Are you in pre-med studiesmedical school, or medical residency anywhere in the world?

Are you a medical doctor with vivid recollections of your past medical training, or reflections on your current practice?

Have you witnessed the medical training process as a family member or as another healthcare professional?

We are seeking comics about your current and/or past experiences for an anthology.

The arts provide a powerful means to represent the intense and complex process of becoming a doctor. The medium of comics, with its combination of image and text and its rich vocabulary of narrative conventions, offers a fresh means to convey the nuances of communication within the clinical context. Until now, no anthology of comics has captured the experience of medical trainees across the arc of their journey, from applicant to fully-fledged physician.

The volume we are proposing, tentatively entitled Graphic Truths: The Making (and Unmaking) of a Doctor, will reflect the breadth, as well as the heights and depths, of medical training across countries and across specialties. This anthology will provide a channel for medical trainees and those close to them to share their stories, and give the wider public a meaningful and accessible glimpse “behind the scenes” of medical training and practice.

No art experience necessary! 

Images can be simple. What we’re interested in are your stories, told with image and text. Submissions can be single panels, or stories told in a sequence of panels.

New Deadline: July 31,2020

For more information, including suggested themes, technical specifications, and submissions instructions, please visit www.graphic-truths.com.

COVID AND THE ARTS/HUMANITIES-PART TWO

Short Pieces for Long Days:

A SARS-Cov-2 Medical Humanities Reader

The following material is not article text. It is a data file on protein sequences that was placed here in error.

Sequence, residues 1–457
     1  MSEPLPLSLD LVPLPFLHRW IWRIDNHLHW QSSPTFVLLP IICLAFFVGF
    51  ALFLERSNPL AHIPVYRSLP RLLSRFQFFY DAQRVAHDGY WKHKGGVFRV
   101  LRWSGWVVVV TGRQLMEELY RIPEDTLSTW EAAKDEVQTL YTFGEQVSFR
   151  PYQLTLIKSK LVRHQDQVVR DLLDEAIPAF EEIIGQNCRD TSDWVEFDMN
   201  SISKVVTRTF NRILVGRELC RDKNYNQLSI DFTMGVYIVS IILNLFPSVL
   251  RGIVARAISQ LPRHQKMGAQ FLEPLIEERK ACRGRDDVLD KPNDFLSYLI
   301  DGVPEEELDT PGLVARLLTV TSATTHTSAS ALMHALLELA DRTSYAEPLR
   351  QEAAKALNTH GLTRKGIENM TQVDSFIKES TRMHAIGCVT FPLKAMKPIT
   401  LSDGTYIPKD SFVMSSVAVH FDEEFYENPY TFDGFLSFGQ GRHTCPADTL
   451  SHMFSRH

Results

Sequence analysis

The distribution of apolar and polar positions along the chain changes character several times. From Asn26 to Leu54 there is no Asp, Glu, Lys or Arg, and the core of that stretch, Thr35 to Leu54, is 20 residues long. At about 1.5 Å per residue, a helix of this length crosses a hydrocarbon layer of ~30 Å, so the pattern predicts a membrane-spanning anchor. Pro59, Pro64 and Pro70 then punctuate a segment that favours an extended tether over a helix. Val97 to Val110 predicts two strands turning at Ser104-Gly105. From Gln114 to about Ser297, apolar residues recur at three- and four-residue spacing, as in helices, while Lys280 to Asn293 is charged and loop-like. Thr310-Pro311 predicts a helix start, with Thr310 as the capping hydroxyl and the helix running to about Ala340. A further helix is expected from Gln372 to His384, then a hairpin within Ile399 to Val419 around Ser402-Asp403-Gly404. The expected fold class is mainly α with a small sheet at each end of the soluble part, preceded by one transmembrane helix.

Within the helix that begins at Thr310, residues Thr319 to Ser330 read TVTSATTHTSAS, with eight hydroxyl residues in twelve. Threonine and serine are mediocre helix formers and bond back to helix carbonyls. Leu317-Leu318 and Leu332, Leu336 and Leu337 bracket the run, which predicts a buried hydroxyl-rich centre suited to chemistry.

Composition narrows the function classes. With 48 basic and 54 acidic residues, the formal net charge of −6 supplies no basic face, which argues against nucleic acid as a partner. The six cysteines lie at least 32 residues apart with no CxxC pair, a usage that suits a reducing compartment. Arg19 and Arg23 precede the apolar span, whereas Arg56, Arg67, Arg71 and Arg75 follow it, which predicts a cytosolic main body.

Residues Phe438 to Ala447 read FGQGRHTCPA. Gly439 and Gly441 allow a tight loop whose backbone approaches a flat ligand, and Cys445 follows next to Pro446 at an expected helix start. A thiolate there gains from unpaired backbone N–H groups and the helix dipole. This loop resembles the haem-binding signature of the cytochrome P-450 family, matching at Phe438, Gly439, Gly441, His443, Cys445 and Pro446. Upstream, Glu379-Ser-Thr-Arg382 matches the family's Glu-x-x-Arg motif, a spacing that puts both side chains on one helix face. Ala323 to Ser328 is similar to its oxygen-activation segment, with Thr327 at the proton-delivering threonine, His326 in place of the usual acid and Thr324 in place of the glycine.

Articles, essays and art

Curated by:  David Elkin, MD, MSL from UCSF

davidelkin@comcast.net

(Selections do not represent the views of SFGH or UCSF)

Historical Perspectives

Bugs and people: when epidemics change history:

https://hekint.org/2018/03/15/bugs-people-epidemics-change-history/?highlight=epidemic

Samuel Pepys, Plague of 1665:

 https://www.laphamsquarterly.org/roundtable/viral-news

Plague cure link to contemporary drink:

The 1700s Plague Cure That Inspired an Uncannily Contemporary Cocktail

Cholera epidemic in London, Steven Johnson telling the story of John Snow. Ghost Map: How the “ghost map” helped end a killer disease

Semmelweis and the power of hand-washing:

https://theconversation.com/ignaz-semmelweis-the-doctor-who-discovered-the-disease-fighting-power-of-hand-washing-in-1847-135528?utm_medium=email&utm_campaign=Latest%20from%20The%20Conversation%20for%20April%2014%202020%20-%201593215257&utm_content=Latest%20from%20The%20Conversation%20for%20April%2014%202020%20-%201593215257+Version+A+CID_e3bdee1a91f54bfced32288468a1a18c&utm_source=campaign_monitor_us&utm_term=Ignaz%20Semmelweis%20the%20doctor%20who%20discovered%20the%20disease-fighting%20power%20of%20hand-washing%20in%201847

Origins of the term “quarantine,” Mary Mallon (“Typhoid Mary”) (Science Diction podcast):

https://www.wnycstudios.org/podcasts/science-diction/articles/science-diction-quarantine?utm_source=Science+Diction&utm_campaign=f669ee4b05-EMAIL_CAMPAIGN_2020_03_09_05_58_COPY_01&utm_medium=email&utm_term=0_802987ac5b-f669ee4b05-54764673

Short film: 1918 influenza epidemic (Cambridge University):
Spanish Flu: a warning from history

Impacts of 1918 Pandemic on Public Health, Healthcare System Organization, Health Policies: How the 1918 Flu Pandemic Revolutionized Public Health | History

The 1918 flu pandemic and WWI: Competing memories:

Katherine Anne Porter and the 1918 Influenza Epidemic

Historical perspectives on viral vaccine development (including comparisons of influenza, zika, ebola, etc) How to Stop a Lethal Virus | Science

What Can Images of the 1918 Influenza Pandemic Teach Us About COVID-19?

Images from the National Archives Catalog show striking parallels to today’s crisis, from masks to emergency hospitals.

https://hyperallergic.com/552295/1918-influenza-pandemic-covid-19/?utm_medium=email&utm_campaign=D040820&utm_content=D040820+CID_770d615555bdab36172560f7bad8ec8e&utm_source=HyperallergicNewsletter&utm_term=What%20Can%20Images%20of%20the%201918%20Influenza%20Pandemic%20Teach%20Us%20About%20COVID-19

Mary Mallon (“Typhoid Mary”) revisited

Awful Moments In Quarantine History: Remember Typhoid Mary?

How Infectious Disease Defined the American Bathroom:

The War Against Coronavirus Comes to the Bathroom

HIV, SARS-CoV-2 and San Francisco: Two epidemics: https://www.sfchronicle.com/health/article/How-San-Francisco-s-battle-with-HIV-AIDS-shaped-15179365.php?utm_source=newsletter&utm_medium=email&utm_content=headlines&utm_campaign=sfc_morningfix&sid=53bb17669dbcd4560200028a

First deaths from Covid-19 in the US:

The first 1,000: Who the U.S.’s first victims were and what we’ve learned

Challenges facing journalists as they recognize they are writing a rough draft of history: